As long as trading faster is not explicitly forbidden, there will be people who want to trade faster if they can take advantage of it.
If you are able to trade fast enough, you can take advantage of arbitrage situations.
For instance, if you can detect a fall in the price of soy on the New-York exchange, buy soy on the New-York Exchange, and sell it on the Chicago exchange before the price in Chicago adapts, you will profit from it.
So, on the positive side, the answer to your question in the title "Why do stock exchanges not operate at a fixed frequency?" seems to be "because it's not impossible/forbidden to operate faster and people benefit from it".
Now, on the normative side, there are certainly a fair amount of people who believe that stock exchanges would perform ``better" if they operated at a fixed frequency.
Roughly, increasing the frequency of trades is good if it allows prices to adapt faster to new economic information. Some people argue, however, that past a certain threshold, increasing the speed of trade cannot foster more effective price adjustments. The argument is that relevant economic information only arrives every so often, and there is no point in trading faster than the fastest stream of relevant information.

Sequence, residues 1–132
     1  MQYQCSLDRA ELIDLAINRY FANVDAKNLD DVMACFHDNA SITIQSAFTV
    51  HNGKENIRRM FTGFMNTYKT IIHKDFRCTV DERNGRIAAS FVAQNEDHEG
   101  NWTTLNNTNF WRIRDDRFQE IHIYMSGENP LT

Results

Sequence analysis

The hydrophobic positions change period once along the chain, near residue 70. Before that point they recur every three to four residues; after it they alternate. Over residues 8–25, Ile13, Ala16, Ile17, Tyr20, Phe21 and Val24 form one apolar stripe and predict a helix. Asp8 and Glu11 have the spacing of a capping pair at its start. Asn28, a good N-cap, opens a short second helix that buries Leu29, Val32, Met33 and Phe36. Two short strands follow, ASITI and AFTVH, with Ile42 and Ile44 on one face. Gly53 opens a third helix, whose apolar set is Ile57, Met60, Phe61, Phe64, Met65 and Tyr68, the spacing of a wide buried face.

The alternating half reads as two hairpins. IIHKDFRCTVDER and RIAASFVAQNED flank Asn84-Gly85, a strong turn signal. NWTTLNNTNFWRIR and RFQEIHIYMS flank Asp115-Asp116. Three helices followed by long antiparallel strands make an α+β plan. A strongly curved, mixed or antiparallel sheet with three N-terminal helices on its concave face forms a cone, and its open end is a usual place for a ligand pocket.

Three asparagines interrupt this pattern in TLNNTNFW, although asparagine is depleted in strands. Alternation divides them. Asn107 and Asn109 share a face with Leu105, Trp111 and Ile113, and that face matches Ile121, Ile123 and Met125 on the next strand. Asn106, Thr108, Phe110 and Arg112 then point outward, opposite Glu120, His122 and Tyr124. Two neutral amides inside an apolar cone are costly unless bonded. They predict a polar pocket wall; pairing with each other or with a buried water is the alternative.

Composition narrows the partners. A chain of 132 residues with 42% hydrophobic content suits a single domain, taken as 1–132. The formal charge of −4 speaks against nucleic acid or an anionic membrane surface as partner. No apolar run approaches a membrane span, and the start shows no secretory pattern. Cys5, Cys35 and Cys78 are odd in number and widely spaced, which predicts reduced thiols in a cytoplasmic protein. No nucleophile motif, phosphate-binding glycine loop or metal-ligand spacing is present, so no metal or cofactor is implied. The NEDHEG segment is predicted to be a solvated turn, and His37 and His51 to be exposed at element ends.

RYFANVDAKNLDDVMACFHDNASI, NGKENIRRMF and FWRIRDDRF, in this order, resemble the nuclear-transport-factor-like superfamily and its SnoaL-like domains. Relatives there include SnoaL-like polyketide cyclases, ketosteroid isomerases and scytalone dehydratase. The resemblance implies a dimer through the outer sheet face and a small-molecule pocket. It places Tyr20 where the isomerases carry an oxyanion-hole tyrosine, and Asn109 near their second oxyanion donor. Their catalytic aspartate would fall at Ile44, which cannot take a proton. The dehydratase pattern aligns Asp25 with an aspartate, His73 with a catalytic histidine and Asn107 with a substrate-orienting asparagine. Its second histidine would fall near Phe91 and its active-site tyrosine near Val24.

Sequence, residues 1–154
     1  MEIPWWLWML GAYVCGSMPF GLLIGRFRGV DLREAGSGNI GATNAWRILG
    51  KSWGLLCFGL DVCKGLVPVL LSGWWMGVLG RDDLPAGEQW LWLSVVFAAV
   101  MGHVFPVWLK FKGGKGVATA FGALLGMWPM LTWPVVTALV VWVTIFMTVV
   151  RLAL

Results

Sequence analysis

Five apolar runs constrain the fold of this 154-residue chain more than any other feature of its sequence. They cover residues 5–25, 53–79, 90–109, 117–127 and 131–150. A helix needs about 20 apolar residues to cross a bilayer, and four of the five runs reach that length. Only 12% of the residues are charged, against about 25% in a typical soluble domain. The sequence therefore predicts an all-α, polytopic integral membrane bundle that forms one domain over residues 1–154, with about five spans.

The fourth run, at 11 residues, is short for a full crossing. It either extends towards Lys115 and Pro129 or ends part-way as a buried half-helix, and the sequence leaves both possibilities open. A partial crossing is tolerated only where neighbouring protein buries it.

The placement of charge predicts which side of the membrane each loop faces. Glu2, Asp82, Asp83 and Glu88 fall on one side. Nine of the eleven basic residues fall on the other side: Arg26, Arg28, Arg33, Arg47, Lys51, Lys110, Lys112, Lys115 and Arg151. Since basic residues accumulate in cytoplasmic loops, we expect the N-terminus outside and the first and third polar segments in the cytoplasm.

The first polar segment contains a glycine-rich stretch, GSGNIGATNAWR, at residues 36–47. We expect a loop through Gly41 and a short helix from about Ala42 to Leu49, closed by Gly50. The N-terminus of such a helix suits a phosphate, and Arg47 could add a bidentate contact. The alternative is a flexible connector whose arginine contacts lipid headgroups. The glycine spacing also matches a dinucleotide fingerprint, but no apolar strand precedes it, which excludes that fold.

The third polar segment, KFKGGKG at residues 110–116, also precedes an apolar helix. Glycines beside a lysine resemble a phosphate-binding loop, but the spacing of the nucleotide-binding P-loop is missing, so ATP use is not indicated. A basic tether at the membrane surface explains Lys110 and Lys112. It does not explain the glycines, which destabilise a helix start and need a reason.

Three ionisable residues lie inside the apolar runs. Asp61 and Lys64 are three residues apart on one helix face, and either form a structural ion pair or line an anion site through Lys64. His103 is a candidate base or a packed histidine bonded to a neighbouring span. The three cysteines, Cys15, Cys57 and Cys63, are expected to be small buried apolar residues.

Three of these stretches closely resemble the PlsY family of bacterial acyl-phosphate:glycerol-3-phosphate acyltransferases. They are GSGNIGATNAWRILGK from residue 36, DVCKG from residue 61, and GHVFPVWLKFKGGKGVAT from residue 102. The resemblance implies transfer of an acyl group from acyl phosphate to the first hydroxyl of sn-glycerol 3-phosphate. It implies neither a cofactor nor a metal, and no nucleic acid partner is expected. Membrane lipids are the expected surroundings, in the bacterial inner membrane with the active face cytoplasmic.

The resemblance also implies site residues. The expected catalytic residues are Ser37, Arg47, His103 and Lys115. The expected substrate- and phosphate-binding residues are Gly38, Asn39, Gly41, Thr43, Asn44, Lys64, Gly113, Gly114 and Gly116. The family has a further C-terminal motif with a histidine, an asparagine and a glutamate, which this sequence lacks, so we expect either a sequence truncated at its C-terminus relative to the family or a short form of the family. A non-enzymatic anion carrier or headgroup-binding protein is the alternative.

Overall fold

Past this threshold -- so the argument goes, increasing the speed of trade only allows for increased high-frequency speculation in which traders benefits from arbitrage situations that are unrelated with ``actual" economic fundamentals.
I don't think they are the first to propose it, but Budish, Crampton and John have a recent pair of papers in which they advocate for a cap on the speed of transactions for similar reasons : The High-Frequency Trading Arms Race: Frequent Batch Auctions as a Market Design Response, and Implementation Details for Frequent Batch Auctions: Slowing Down Markets to the Blink of an Eye.